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Friends, family and strangers join search for missing Guelph man (6 photos)

"We will not rest until he is home"

They came to look for Cody on Saturday.

Friends, family, complete strangers: all clinging to faint hope that the missing Guelph man will somehow turn up some day, somewhere, unharmed. But also starting to realize that may not happen.

"Hope starts to turn into reality I think," said Brock Hemming, the brother of missing Cody Thompson just before Saturday's search of the river banks started.

Then, perhaps sounding a little more ominous than he intended, he added "I was hoping the river would have been a little lower."

Cody Thompson, 24, was last heard from on April 1, phoning his dad from the area of the covered bridge just south of downtown Guelph. Part of a photocopy of his birth certificate has also been found in that area.

Thompson, who battled addiction issues, hasn't been seen or heard from since. His bank account untouched, his cell phone unused, his methadone doses missed.

"That's the worst part. The not knowing," said Cody's other brother Brandon. "The longer it goes the harder it is on the family. Just wondering, that's the hardest part."

Roughly 30 people turned up on a cold and rainy Saturday to scour the area, a spot already thoroughly searched by police.

But they couldn't sit at home waiting and wondering any longer. They had to do something. They had to try and get some closure, for the family and for themselves.

"Either they show up, or they don't. And we're looking to do whatever we can to bring him home, one way or the other," said Moira Barber.

"Just because Cody was an addict and he had problems does not mean his life is worth any less than that of a normal person," Barber said.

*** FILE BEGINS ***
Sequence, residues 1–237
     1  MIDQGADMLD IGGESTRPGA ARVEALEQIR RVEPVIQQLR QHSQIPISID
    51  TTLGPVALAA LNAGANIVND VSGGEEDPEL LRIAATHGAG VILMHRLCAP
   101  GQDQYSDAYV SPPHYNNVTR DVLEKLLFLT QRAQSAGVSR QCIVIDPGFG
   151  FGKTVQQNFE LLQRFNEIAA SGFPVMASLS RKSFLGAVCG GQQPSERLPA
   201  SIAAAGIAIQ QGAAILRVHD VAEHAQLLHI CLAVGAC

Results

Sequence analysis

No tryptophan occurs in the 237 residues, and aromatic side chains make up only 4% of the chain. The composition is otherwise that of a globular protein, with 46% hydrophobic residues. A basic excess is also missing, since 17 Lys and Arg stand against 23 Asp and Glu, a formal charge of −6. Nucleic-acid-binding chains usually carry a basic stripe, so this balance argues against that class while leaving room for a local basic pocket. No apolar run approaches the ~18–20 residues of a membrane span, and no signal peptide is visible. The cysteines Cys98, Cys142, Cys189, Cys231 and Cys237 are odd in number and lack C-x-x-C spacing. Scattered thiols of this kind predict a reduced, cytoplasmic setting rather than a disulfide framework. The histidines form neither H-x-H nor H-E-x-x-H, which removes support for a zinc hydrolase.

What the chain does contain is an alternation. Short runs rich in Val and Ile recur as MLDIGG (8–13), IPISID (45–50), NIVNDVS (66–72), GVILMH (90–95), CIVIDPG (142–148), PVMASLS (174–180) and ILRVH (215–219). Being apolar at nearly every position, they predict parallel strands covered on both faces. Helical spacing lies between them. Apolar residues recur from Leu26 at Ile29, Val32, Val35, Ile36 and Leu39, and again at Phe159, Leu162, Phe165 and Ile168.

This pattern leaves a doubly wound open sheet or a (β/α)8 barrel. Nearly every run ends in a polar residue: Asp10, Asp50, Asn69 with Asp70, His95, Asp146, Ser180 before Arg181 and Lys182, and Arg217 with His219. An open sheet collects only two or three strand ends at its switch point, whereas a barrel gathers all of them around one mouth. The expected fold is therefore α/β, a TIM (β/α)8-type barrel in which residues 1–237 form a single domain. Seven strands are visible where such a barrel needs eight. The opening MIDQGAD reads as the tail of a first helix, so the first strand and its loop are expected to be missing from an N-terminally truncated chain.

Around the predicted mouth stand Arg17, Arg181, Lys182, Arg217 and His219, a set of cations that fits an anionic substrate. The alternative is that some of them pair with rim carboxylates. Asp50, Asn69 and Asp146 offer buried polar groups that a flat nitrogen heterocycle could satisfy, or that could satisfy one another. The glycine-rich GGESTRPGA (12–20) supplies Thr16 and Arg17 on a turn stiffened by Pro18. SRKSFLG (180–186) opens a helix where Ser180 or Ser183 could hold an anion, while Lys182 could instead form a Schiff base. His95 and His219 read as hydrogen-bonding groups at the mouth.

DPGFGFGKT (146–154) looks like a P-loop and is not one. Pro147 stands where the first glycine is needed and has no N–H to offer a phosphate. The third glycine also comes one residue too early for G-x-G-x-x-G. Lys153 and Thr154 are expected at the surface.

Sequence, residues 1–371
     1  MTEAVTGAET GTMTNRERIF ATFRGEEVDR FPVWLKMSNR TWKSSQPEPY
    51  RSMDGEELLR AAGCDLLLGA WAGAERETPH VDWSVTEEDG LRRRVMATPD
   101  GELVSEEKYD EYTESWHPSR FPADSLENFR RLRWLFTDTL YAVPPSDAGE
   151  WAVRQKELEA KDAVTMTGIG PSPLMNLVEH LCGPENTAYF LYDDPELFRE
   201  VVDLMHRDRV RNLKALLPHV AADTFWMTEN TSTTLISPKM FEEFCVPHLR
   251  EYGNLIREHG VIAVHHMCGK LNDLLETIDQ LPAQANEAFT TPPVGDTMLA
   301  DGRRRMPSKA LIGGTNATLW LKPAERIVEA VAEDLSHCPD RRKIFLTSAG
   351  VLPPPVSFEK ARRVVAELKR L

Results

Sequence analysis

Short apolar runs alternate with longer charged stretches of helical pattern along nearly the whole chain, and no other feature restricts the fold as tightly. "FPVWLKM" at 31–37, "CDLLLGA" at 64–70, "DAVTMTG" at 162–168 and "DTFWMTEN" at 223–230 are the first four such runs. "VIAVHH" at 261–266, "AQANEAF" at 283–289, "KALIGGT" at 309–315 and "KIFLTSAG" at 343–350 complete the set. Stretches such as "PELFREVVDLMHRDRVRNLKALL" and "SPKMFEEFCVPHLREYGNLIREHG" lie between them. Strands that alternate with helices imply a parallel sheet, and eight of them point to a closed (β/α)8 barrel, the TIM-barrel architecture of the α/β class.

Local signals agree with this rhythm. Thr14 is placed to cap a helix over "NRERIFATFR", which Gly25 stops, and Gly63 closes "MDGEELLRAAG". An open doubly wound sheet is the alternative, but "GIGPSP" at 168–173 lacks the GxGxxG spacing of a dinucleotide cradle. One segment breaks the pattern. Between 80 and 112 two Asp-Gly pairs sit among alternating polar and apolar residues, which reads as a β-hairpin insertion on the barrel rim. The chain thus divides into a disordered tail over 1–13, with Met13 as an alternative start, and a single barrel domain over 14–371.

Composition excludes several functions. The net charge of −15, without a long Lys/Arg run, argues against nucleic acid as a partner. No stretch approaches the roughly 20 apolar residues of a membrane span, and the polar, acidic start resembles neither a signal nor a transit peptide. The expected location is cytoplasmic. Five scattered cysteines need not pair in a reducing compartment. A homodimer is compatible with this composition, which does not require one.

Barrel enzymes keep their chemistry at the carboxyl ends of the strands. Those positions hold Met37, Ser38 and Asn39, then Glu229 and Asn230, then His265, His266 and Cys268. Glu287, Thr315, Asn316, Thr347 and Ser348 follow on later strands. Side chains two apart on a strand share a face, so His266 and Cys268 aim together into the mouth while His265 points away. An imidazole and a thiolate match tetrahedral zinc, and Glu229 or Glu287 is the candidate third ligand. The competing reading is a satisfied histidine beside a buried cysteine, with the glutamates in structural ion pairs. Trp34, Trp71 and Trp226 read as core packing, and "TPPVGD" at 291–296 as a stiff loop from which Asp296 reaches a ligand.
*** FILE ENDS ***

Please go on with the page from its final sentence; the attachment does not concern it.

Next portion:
"He is a human being, first off. It doesn't matter if he has an addiction. He deserves the same treatment and attention that anyone else would get and we're just making sure that happens for him," Barber said.

Not all those that turned out Saturday were part of Thompson's circle of friends and family.

Kirkland Moore was there to lend his first aid and search and rescue training.

"It's a chance to help out and a chance to help families get closure," said Moore, who did not know Cody but wanted to lend his training in search and rescue to the effort.

"I don't know Cody personally, but he's somebody's child," said Kelly Timbers. "I'm a mother. I know how much it's hurting his parents not to have their baby with them."

Cody is a fun loving guy who would do "anything for anybody," said Candiss Pettitt.

"He loved being around people and loved making everybody laugh," Pettitt said.

Organizers said more searches will be held in other parts of town on weekends until Thompson is found.

"We will not stop until we find him or find something that's crucial enough for the family to be able to have closure. That's what our main goal is, to give the family the closure that they need," Pettitt said.

"We will not rest until he is home."


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Tony Saxon

About the Author: Tony Saxon

Tony Saxon has had a rich and varied 30 year career as a journalist, an award winning correspondent, columnist, reporter, feature writer and photographer.
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